Document refresh; reference updates only.

B.2.  Changes From Individual Submission Draft -03

   Changed logic to indicate that it is valid to reject a "recv:on"
   request with "sending:off", either immediately or at a subsequent
   time.

   Clarified that sources with "sending:off" are still members of the
   RTP session, and so still have RTCP sent for them.

B.3.  Changes From Individual Submission Draft -02

   Document refresh; reference updates only.







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B.4.  Changes From Individual Submission Draft -01

   o  Clarified backward compatibility discussion.
   o  Minor editorial improvements.

B.5.  Changes From Individual Submission Draft -00

   o  The "recv" and "inactive" remote source attributes have been
      changed to "recv:on" and "recv:off" respectively.  Similarly, the
      "send" and "inactive" source attributes have been changed to
      "sending:on" and "sending:off".
   o  Clarified that "imageattr" and "framerate" parameters are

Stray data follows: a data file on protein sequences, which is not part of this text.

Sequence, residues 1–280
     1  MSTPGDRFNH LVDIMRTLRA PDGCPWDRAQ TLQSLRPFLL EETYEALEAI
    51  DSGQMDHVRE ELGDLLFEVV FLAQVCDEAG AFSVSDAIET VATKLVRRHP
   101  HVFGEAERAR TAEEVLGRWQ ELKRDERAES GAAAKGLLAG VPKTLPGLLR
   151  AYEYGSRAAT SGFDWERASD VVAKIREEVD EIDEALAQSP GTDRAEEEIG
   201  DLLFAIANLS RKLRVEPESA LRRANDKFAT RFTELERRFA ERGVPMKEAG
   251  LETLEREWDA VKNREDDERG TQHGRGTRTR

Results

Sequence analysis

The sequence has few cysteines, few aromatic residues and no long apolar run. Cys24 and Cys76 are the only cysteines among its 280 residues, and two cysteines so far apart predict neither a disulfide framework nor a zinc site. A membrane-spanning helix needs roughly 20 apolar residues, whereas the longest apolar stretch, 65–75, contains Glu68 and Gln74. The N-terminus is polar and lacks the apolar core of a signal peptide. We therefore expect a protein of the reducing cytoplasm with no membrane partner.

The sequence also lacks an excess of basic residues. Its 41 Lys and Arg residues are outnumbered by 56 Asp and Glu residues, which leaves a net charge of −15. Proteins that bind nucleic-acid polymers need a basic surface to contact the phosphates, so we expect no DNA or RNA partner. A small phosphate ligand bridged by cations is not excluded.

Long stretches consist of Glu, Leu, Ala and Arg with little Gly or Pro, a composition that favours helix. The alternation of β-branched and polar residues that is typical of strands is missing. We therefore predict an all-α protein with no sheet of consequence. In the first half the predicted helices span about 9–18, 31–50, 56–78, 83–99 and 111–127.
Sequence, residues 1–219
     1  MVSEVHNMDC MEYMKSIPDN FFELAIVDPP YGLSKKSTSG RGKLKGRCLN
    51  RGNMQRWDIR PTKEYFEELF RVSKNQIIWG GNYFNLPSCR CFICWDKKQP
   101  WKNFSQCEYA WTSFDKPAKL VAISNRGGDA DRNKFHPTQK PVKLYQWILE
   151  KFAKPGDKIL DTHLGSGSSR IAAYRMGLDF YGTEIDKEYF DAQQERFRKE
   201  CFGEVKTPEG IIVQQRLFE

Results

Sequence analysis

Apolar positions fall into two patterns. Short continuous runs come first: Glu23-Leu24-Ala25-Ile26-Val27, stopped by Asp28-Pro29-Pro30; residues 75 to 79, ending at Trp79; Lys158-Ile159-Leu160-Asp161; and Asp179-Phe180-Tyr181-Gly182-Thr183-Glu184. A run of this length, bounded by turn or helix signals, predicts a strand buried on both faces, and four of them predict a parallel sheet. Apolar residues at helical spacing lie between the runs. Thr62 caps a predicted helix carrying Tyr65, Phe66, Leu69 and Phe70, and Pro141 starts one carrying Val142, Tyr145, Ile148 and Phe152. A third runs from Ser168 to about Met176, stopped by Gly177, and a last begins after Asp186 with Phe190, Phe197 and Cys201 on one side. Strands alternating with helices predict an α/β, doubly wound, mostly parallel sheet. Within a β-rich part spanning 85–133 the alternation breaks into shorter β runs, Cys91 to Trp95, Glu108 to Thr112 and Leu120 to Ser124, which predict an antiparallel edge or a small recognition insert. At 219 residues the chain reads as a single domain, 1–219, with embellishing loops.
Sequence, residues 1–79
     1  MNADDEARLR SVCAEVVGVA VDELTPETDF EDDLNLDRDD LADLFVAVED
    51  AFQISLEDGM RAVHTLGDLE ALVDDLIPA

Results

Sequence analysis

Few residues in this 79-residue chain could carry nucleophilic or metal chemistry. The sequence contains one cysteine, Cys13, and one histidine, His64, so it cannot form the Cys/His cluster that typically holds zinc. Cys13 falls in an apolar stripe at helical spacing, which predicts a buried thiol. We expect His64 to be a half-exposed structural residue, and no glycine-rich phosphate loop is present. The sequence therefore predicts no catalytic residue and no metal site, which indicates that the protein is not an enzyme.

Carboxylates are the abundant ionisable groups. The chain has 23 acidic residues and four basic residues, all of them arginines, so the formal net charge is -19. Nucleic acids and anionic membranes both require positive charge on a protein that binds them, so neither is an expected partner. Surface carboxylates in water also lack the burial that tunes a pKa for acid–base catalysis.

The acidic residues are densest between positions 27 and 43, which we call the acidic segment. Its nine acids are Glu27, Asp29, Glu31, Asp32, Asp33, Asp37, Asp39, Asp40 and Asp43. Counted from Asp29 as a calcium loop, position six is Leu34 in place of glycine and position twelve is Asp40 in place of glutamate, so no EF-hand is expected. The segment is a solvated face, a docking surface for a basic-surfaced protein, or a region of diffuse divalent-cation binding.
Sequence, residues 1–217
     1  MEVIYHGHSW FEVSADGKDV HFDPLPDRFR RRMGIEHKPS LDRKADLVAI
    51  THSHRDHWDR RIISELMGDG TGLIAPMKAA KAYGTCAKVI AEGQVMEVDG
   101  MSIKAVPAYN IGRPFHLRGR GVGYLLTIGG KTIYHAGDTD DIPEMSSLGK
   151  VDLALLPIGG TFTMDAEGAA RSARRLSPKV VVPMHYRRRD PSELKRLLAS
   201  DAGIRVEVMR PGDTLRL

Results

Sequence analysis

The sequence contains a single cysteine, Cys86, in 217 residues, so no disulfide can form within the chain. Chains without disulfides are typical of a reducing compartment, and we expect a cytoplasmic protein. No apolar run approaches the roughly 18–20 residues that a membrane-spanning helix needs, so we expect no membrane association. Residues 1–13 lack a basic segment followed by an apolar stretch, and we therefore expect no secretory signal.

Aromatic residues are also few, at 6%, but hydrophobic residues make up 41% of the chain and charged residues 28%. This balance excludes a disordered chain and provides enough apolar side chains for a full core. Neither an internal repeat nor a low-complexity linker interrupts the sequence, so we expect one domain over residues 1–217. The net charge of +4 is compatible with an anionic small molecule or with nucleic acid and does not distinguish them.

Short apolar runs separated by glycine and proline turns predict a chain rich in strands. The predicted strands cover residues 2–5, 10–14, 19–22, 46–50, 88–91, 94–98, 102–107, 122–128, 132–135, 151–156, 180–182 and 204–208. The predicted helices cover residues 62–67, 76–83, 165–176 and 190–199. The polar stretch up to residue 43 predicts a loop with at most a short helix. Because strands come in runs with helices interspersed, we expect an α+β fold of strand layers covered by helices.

advisory, and MUST NOT be inconsistent with payload type
      parameters.
   o  Tightened some SHOULD requirements to be MUST, and clarified when
      others apply.
   o  Tightened up ABNF grammar (e.g., to eliminate leading 0 values
      from integers).
   o  Added Henning Schulzrinne as co-author.
   o  Numerous editorial improvements.


Authors' Addresses

   Jonathan Lennox
   Vidyo, Inc.
   433 Hackensack Avenue
   Seventh Floor
   Hackensack, NJ  07601
   US

   Email: jonathan@vidyo.com


   Henning Schulzrinne
   Columbia University Department of Computer Science
   450 Computer Science
   1214 Amsterdam Ave., Mailcode: 0401
   New York, NY  10027
   US

   Email: hgs@cs.columbia.edu
   URI:   http://www.cs.columbia.edu/~hgs/